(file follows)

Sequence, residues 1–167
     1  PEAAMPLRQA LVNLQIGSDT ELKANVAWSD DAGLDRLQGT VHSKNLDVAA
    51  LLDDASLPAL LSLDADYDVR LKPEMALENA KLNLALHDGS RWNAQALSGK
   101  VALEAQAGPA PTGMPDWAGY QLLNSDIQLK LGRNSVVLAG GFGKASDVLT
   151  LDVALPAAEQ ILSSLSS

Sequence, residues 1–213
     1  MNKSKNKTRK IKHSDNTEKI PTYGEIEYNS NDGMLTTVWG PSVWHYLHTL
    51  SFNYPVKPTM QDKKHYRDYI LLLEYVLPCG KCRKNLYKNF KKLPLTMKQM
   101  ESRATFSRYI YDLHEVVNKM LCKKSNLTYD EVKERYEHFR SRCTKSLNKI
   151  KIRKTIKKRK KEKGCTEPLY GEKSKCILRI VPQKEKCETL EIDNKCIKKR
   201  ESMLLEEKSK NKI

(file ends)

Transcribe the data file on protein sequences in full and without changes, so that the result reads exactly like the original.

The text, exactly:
Sequence, residues 1–167
     1  PEAAMPLRQA LVNLQIGSDT ELKANVAWSD DAGLDRLQGT VHSKNLDVAA
    51  LLDDASLPAL LSLDADYDVR LKPEMALENA KLNLALHDGS RWNAQALSGK
   101  VALEAQAGPA PTGMPDWAGY QLLNSDIQLK LGRNSVVLAG GFGKASDVLT
   151  LDVALPAAEQ ILSSLSS

Sequence, residues 1–213
     1  MNKSKNKTRK IKHSDNTEKI PTYGEIEYNS NDGMLTTVWG PSVWHYLHTL
    51  SFNYPVKPTM QDKKHYRDYI LLLEYVLPCG KCRKNLYKNF KKLPLTMKQM
   101  ESRATFSRYI YDLHEVVNKM LCKKSNLTYD EVKERYEHFR SRCTKSLNKI
   151  KIRKTIKKRK KEKGCTEPLY GEKSKCILRI VPQKEKCETL EIDNKCIKKR
   201  ESMLLEEKSK NKI